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24.03.2004 Feature Article

Letter From The President: Cut and Paste Inventions

Letter From The President: Cut and Paste Inventions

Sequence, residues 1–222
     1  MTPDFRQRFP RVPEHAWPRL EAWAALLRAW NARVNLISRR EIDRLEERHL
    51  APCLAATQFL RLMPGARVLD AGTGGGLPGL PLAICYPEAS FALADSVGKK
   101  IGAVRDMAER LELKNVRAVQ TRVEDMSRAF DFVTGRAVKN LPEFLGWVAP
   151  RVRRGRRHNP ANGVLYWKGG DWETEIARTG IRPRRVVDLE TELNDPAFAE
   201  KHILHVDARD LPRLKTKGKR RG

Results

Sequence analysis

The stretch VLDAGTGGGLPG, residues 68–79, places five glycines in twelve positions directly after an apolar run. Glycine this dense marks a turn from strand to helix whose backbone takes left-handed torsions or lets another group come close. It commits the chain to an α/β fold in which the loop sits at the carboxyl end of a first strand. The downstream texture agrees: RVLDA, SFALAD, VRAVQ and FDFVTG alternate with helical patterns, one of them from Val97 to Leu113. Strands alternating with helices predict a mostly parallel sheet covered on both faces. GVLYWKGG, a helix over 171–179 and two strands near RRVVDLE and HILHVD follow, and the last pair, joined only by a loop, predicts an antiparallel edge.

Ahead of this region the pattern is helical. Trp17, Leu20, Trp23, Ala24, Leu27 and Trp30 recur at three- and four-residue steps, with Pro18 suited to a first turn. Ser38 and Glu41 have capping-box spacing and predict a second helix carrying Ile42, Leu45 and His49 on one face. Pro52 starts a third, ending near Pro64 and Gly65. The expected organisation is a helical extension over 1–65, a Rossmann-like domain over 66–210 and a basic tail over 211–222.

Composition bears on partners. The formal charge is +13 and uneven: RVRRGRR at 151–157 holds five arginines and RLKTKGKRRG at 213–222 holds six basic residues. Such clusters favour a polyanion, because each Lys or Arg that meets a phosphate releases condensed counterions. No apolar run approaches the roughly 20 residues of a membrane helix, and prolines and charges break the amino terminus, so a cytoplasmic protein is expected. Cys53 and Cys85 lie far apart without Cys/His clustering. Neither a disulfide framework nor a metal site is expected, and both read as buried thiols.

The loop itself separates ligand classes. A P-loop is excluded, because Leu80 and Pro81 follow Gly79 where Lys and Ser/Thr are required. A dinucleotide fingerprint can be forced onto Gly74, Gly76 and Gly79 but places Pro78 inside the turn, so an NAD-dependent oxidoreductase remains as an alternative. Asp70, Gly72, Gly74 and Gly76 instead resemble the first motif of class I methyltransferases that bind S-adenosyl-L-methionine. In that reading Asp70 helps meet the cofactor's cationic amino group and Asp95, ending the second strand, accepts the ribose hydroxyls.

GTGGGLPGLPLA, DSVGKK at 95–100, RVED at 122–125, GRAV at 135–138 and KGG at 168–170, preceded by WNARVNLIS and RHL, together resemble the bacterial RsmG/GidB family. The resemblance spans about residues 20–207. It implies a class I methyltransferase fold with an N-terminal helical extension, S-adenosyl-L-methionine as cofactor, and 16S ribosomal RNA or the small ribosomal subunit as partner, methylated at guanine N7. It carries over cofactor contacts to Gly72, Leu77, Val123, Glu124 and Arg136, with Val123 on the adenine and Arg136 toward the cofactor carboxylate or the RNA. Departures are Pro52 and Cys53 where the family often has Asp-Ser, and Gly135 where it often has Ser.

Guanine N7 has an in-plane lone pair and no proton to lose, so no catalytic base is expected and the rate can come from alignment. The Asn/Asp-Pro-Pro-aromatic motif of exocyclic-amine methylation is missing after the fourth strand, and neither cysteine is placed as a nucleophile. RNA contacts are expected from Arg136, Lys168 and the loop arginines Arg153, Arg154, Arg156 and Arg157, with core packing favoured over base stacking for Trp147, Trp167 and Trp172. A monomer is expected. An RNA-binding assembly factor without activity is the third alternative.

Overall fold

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Countrymen and women, 'against' people and loyalists I am usually not in the habit of writing sequels. But events in the past week have compelled me to write a sequel to the letter I wrote about the army's folly in 'redesigning' a very well-made car and converting it into a uni-purpose vehicle which can only be used for just about 30 minutes in a year. As you may be aware, a conference was held in Accra last week on harnessing science and technology for national development. I opened that conference and I was glad I did. Even though I am not tech-savvy (controlling a mouse is even difficult for me sometimes) I believe that our country stands to gain a lot from investing and actively pursuing technologies that take the drudgery out of work and makes life easier and a bit more worth leaving. For example, as I said in my letter about the army's misinvention, I believe with every piece of marrow in my bones that we urgently need a technology which will stop us from using precious treated water to push the products of our abdominal evacuations into the belly of the earth. If we got a technology like that, hundreds of thousands of people will be supplied with potable, life-giving water, which many Ghanaians lack today. When I went to the conference centre to open the confab on 'harnessing science and technology for national development', I was appalled by some of the products which had been put on display as part of an exhibition attached to the conference. Jeez! I didn't know that Ghanaians were such 'copiatus' people. I though only Fiifi Mills was 'copiatus' when he shamelessly copied my People's Assembly idea and used it to quite good effect recently. Most of the so-called 'inventions' that had been put on display at the conference were copies of other people's inventions. A little boy (I pity him because I think his teachers have set him on a very wrong path) had on display a solar panel which produces electricity for home lighting. I don't know what mis-education his teachers had given him, but the boy is under the impression that he has invented something. I got even more annoyed when I got to the stand of the mechanical engineering department of the Kwame Nkrumah University of Science and Technology. Do you remember that the vice Chancellor of this University had to audacity to shamelessly proclaim his institution as the fifth best technological university in the world? I gave it to him very well when he opened his mouth so wide. And I am very proud that what I saw at the KNUST stand proved me right that nobody in this world can convince me that this university is in the same league as the Massachusetts Institute of Technology. I will only believe his assertions if God sends his son Jesus Christ, along with Mohammed, Budha, Confucius and Angel Gabriel to tell me that KNUST is among the top five in the world. The would-be engineers from the KNUST were proudly displaying something they claimed to be a farm transporter. Among its attributes, this machine is supposed to have a strong chassis to enable it travel on rough terrains to carry cassava tubers and cocoa pods from one end of the farm to the other. The transporter had an engine which seemed to have been made specifically for a 'nika-nika' and axles which seemed to have been taken from an old Datsun 120Y. That's not all, I saw the same would-be engineers from 'Tech' proudly displaying a 'car' they claimed to have invented. This car was made from an abandoned skeleton of a volkswagon, which had been re-welded and fitted with an engine, some lights and passenger seats. And they were very proud of their 'cut and paste inventions' –cannibalizing other people's inventions, re-assembling the canibalised parts and calling it an invention of your own. It's so shameful that it brings tears into my eyes. I hate to see that many of my people have become so 'copiatus'. We want a nation of true inventors not copycat 'inventors'. I think people are just failing to think very hard. Will I be wrong to suggest that the citizens of Sikaman are just content with canibalising products from 'here and there' and putting them together as their own inventions? Currently, we have a living legend in our midst, whose inventions have been approved and patented by no less a people than the British. His name is Kojo Abeka Jackson. He is a man I will very much like to meet and shake his hands. I believe that once I shake his hands, I might have some of his inventing powers transferred into my system and then you will see what I can bring out. But even before I meet him, I want all those 'cut and paste' inventors to go to Mr. Jackson and ask him about what it means to be an inventor. I believe that Mr. Jackson will tell them what they've put out cannot be considered as inventions. Mr. Jackson will tell the 'cut and paste' inventors that their so-called inventions will not pass any pre-patent tests in any part of the world. In fact, if the 'Tech' engineers take their car anywhere near the office of the Patenting Agency in the UK, I will not be surprised if they are arrested and publicly flogged for daring to present other people's inventions as their own. The spate of 'cut and paste' inventions should stop. But this will only happen if we develop the habit of taking a small pause before applauding anyone who presents a 'cut and paste' contraption as an invention. Why do we like clapping so much for mediocre achievements? Is it because our standards for measuring people's achievements are so low? Come on, let's raise the standards a bit and demand that our people present genuine inventions which can stand the patenting tests in any part of the world. If we do, I bet you most of the people who were parading around the International Conference Centre as inventors will bow their heads in shame. And the only one who will be worthy of our applause will be Kojo Abeka Jackson – a true world class inventor, born and bred on the hard Sikaman soil. Vehemently against cut and paste inventions, J. A. Fukuor [email protected]